I first heard the term ‘The Great Resignation’ in 2021. The effects of the pandemic led to many workers no longer commuting and either losing their jobs or having to adapt to working from home. The phrase ‘Great Resignation’ was coined by the psychologist Anthony Klotz and came about after a decade of employee dissatisfaction. And although it seemed to start in the U.S. whereby millions of Americans started to resign from their jobs, it is something that has been seen in many countries, including the UK.
So, why has this all come about? It wasn’t just because of the pandemic, but the pandemic highlighted many areas that employees were dissatisfied with.
I have spent much of my working life in London. Before moving home to London this meant commuting for nearly three hours per day (when all the train connections were aligned and on time). When I moved to South London my commute was a little under an hour but given that I didn’t live too far from where I worked, it still took time to get to my place of work each day.
When I had the opportunity to work from home for an Australian company in 2019 and not needing to commute, I found I had so much more time and energy. And even though I returned to working in an office in 2020, it wasn’t long before the pandemic meant I was working from home again. This has continued for over two years, and I can safely say that I don’t miss getting on packed buses and trains to be seated at my desk between certain hours of the day. I’m not the only one who feels like this, but it brings me on to the next dissatisfaction many of us face…
I have friends who have stayed in jobs they weren’t completely satisfied with because they no longer needed to commute, and the pandemic raised job uncertainty for them. But even though they got time back from commuting, it was instead filled up with increased workloads as employers saw the increased productivity due to employees not being in the office.
What was once a job that could be tolerated because of office banter, office besties and social events, was now just a boring job because those things were no longer taking place. Being at home alone or whilst also home schooling or caring for young children showed many of us what mattered and for many of us, our job just wasn’t it.
I also have friends and family who used the pandemic to springboard into creating their own businesses or changing their careers. They had more time and space to think about what they wanted and the energy to really investigate alternatives. They had more time and energy to take on training courses which led to changes in job roles.
Have you ever strived at work, done all the right things, stayed late, taken on more responsibility to even be considered for promotion or salary increases? Have you ever got stuck in a job because society tells you it is great that you have this job and it will pay your bills, but you really don’t enjoy what you are doing? You wouldn’t be the only person. Most workplaces are like society, built on masculine energy where employees are expected to meet deadlines, be productive and work even when not feeling well (not that your employer would admit to that!). And even those workplaces where there is a significant female leadership, this energy still manages to seep through.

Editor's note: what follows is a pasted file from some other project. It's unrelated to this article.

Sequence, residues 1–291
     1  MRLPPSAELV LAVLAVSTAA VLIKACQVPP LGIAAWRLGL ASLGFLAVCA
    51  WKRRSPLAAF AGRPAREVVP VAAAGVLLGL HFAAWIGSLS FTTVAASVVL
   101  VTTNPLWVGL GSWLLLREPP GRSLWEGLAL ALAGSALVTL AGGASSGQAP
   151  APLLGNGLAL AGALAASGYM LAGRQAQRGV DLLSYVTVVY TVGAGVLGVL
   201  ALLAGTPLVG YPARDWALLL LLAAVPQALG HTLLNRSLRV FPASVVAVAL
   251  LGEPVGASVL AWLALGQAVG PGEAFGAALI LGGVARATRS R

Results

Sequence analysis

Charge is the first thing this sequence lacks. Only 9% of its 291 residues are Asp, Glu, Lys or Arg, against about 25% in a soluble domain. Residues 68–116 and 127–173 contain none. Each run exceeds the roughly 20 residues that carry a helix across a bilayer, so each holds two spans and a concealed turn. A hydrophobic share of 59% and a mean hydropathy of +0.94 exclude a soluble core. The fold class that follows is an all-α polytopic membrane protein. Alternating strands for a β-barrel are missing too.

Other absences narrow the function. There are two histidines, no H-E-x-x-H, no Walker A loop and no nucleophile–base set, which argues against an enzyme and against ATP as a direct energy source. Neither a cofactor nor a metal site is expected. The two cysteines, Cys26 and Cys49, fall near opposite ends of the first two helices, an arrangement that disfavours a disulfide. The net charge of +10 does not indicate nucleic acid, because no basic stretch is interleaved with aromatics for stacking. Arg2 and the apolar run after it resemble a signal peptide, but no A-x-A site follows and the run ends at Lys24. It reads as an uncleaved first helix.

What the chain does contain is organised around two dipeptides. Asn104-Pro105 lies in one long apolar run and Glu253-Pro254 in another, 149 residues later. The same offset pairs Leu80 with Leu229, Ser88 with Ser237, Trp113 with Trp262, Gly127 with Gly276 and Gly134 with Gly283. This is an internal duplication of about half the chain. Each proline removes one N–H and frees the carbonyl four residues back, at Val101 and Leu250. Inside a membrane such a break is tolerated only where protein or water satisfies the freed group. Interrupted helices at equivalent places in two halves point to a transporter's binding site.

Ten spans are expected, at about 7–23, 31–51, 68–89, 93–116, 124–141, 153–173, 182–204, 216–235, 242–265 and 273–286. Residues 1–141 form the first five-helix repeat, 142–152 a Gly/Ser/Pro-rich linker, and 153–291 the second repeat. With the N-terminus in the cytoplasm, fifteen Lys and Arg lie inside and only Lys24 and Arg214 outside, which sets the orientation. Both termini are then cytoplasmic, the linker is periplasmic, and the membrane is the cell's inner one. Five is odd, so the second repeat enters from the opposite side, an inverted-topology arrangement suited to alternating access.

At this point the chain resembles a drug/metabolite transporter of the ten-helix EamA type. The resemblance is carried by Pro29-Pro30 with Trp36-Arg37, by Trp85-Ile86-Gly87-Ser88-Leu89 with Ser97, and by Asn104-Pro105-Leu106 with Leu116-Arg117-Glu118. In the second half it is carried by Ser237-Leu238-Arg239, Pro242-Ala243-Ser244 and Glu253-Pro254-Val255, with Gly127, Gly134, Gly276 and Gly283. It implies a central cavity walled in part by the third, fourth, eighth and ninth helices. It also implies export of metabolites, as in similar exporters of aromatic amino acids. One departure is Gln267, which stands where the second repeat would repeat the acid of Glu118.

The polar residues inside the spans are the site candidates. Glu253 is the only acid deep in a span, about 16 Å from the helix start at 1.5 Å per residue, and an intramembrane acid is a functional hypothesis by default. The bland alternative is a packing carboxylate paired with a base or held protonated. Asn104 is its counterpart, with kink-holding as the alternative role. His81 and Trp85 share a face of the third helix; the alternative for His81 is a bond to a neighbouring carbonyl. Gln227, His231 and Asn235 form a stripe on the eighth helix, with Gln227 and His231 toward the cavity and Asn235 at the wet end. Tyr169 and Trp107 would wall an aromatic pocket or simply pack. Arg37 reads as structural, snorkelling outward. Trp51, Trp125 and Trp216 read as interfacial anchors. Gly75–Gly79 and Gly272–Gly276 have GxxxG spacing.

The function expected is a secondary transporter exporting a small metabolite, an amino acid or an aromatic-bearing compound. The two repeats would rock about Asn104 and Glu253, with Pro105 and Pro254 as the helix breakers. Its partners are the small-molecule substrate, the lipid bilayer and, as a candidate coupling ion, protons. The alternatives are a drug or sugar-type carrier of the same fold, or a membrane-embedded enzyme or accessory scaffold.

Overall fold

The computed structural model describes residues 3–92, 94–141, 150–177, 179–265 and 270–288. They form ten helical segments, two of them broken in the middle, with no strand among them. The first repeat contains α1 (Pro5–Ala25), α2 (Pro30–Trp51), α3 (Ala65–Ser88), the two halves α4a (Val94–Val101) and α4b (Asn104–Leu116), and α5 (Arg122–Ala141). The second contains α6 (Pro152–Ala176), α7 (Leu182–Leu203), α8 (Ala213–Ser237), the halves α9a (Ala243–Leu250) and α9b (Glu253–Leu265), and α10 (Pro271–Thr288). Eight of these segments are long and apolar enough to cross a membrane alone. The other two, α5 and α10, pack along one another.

We as humans have changed over time and constantly being bombarded with information and employer demands is leading to stress and fatigue. Many of us have learned that the rat race isn’t the only way to earn a living. Our worth is not tied to the job we do, and more and more people have realised this and are making the changes to search out and take jobs that are more fulfilling.
The pandemic highlighted how much we all have been putting our mental health at risk. Toxic workplaces, early mornings and late nights, stress, and poor eating habits all have an effect on our mental health. Some of these things have been removed due to working at home. In offices, it can be hard to put boundaries in place due to ‘team’ ethos. Working from home has given us space to make put boundaries in place to protect our mental health. No longer having to commute promoted better sleeping patterns. Not having to be up at the crack of dawn to rush for a train gave way to sleeping longer and walking from the bedroom to our ‘office’. Many people don’t want to return to putting their mental health under risk.
Lack of Career Progression
This goes hand in hand with Outdated Workplaces. Many corporations are based on structures where people work their way up the career ladder. However, when I was a permanent employee, I was forever being told that only a certain number of people a year could be promoted or gain a certain level of salary rise because of the ‘bell curve’ that was used to determine this. So, it didn’t matter how hard I had worked during the year, or how much I had improved. Having to prove myself year after year, only to be told there were too many colleagues doing just as well was one of the reasons I chose to be a contractor.
This constant hamster wheel of work is no way to really get career growth. I still see colleagues on this path, and I know they deserve so much more, but job security keeps them in jobs they are not satisfied with.
There are many reasons for us to stay in a job. But if the pandemic taught me anything (and many others) it was life is too short to be doing work that I don’t enjoy. I have my time since 2020 researching, training, and finding what work I want to do in my life. I’m sure you have your own reason for searching for or leaving a job. Whether you do it during the ‘Great Resignation’ or not, it up to you. If you would like help in finding what you really want to do in life, or if you already know but don’t have the clarity or confidence to take action, please get in touch.